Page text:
A key text for understanding idolatry in the New Testament is a passage in the book of Romans.

They exchanged the truth of God for a lie, and worshipped and served created things rather than the Creator.

Romans 1:25, NIV

Here we should notice that idolatry does not merely refer to the worship of idols and images in the sense of the giant bull statue in ‘Molech’ worship.

Idolatry takes something within God’s good creation and then elevates it above the boundary separating the Creator from creation. It promotes created things to the status of divinity. Jesus helped us to understand this when he made these comments about money:

No-one can serve two masters. Either he will hate the one and love the other, or he will be devoted to the one and despise the other. You cannot serve both God and Money.

Matthew 6:24, NIV

The New Testament presents a more nuanced and sophisticated understanding of idolatry than the Old Testament. When we focus exclusively on the acquisition of money and take no notice of God and His kingdom we are guilty of idolatry. We replace God with something created. We would suggest that infamous celebrity Katie Price epitomises this kind of idolatry when she stated this in an interview:

No one can live without money. Money and religion are the big things, and that’s it, and I stay away from religion. We love to earn money, who doesn’t? It gets you things and it’s security.

In this confession of faith Katie is boldly declaring what she places her trust in!

Paul also attacks this specific idolatry in his letter to the Colossians.

Put to death the sinful earthly things… Don’t be greedy… for that is idolatry.

Colossians 3:5

It is also fascinating that Paul shows us how both pleasure (1 Timothy 5:6) and the stomach (Philippians 3:19) can also become idolatrous objects of worship.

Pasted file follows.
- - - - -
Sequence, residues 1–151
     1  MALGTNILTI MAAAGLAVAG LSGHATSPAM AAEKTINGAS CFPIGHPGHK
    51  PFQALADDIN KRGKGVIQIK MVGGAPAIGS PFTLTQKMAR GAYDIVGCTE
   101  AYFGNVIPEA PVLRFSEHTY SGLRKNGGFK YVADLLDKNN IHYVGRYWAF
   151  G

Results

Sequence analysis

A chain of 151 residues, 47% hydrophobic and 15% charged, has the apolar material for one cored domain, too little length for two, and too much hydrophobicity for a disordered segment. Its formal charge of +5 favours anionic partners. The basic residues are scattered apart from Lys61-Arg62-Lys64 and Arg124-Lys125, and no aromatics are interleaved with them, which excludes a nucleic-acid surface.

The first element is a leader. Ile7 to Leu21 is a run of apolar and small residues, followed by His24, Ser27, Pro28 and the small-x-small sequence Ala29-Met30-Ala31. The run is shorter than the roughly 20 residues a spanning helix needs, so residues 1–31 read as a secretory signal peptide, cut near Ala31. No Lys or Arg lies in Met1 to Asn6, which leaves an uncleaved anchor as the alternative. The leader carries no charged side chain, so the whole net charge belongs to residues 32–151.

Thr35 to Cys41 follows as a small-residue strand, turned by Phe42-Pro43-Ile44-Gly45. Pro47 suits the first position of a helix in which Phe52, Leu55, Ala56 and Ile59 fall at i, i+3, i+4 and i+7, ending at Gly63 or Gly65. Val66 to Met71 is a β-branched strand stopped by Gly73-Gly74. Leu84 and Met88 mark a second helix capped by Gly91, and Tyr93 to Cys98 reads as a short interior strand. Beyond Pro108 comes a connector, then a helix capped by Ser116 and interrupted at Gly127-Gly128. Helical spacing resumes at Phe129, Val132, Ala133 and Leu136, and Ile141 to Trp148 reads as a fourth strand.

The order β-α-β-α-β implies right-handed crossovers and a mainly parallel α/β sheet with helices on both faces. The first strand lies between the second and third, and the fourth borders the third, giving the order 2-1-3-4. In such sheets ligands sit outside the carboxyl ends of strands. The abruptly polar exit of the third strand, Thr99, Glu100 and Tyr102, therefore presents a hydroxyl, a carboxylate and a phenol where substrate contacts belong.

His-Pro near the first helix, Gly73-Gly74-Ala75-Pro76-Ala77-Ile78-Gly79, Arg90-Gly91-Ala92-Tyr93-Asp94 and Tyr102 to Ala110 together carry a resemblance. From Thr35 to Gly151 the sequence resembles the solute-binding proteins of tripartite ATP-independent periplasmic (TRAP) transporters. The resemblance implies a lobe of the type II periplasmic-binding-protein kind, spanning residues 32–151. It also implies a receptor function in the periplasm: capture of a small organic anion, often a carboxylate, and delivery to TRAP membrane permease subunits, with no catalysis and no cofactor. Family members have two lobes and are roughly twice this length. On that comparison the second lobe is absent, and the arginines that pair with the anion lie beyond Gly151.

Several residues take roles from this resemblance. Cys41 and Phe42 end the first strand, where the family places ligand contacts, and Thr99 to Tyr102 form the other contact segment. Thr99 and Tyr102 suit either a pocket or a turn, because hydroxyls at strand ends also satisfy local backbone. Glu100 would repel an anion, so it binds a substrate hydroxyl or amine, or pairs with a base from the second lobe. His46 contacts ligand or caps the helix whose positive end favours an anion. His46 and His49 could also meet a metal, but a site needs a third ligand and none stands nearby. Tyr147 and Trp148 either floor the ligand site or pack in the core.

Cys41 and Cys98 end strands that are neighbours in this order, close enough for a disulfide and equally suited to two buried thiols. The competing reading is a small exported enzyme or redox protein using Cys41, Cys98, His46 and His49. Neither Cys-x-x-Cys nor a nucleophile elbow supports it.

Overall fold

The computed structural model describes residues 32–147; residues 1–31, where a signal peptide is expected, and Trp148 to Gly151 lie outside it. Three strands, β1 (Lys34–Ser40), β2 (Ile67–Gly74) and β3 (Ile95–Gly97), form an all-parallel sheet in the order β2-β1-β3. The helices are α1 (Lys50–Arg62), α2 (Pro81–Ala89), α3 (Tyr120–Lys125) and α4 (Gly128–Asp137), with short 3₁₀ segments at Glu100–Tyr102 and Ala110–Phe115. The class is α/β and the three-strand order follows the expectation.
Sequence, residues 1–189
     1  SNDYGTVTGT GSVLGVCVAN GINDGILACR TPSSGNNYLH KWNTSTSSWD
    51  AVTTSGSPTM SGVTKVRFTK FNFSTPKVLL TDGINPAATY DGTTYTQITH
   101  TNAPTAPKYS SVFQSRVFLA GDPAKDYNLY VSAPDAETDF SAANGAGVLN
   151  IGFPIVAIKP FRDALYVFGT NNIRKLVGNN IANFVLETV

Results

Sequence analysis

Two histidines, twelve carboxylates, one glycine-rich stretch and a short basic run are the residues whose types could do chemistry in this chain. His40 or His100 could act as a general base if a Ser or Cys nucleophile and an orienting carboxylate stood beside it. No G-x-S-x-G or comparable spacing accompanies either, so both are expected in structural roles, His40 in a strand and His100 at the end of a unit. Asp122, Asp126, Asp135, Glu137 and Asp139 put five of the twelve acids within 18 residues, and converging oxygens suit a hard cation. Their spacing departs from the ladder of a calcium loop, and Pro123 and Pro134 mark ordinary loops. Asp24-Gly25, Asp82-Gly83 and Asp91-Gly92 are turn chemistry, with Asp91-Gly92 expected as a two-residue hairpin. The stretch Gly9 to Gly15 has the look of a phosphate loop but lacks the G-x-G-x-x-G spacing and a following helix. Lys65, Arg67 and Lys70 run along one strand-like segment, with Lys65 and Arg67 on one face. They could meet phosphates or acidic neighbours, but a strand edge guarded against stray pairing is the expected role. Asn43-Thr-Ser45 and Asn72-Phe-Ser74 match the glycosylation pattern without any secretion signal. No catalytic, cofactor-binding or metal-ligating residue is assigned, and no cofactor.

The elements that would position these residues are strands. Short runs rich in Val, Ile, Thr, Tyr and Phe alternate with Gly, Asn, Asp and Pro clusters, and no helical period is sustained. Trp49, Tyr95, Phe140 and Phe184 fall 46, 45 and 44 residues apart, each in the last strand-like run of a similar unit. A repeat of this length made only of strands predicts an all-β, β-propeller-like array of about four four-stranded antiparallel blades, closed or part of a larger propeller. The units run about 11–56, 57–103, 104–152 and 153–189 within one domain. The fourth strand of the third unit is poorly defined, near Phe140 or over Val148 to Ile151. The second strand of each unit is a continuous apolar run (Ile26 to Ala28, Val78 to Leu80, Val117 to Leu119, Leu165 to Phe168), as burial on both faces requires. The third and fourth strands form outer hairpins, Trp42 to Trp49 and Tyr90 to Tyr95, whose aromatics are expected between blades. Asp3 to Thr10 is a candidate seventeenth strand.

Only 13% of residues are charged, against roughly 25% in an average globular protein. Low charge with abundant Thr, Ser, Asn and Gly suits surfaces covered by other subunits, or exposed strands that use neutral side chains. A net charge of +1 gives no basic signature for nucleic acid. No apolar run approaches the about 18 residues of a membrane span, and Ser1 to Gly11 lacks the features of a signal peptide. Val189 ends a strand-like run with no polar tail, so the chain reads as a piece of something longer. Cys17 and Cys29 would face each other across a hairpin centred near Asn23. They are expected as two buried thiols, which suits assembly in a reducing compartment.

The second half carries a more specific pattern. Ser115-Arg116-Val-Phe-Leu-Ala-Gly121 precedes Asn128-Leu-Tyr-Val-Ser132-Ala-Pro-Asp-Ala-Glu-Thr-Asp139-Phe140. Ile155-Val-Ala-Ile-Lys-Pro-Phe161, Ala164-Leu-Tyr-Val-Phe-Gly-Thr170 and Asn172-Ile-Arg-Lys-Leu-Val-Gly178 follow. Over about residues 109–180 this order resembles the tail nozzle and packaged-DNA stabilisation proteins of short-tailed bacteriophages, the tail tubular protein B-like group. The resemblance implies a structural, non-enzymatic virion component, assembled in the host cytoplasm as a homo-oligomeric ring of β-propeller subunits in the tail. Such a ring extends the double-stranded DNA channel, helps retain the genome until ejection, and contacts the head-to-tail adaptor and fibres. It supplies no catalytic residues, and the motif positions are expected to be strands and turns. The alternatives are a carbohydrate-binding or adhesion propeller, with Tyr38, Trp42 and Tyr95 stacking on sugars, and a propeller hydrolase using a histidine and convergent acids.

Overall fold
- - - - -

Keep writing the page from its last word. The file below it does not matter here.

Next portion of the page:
Furthermore, as Paul Marshall has observed, idolatry is not simply one more sin, of which pride, envy, lust and so forth are other examples; in fact, “all sin is an expression of the basic sin of idolatry, of putting something else in the place of God”.

In the next posting I will connect idolatry to the contemporary world of ideologies. This will help us to understand idolatry in secularist, Christian and and Islamic mindsets.

Mark Roques
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Mark Roques

Mark taught Philosophy and Religious Education at Prior Park College, Bath, for many years. As Director of RealityBites he has developed a rich range of resources for youth workers and teachers. He has spoken at conferences in the UK, Holland, South Korea, Spain, Australia and New Zealand. Mark is a lively storyteller and the author of four books, including The Spy, the Rat and the Bed of Nails: Creative Ways of Talking about Christian Faith. His work is focused on storytelling and how this can help us to communicate the Christian faith. He has written many articles for the Baptist Times, RE Today, Youthscape, Direction magazine and the Christian Teachers Journal.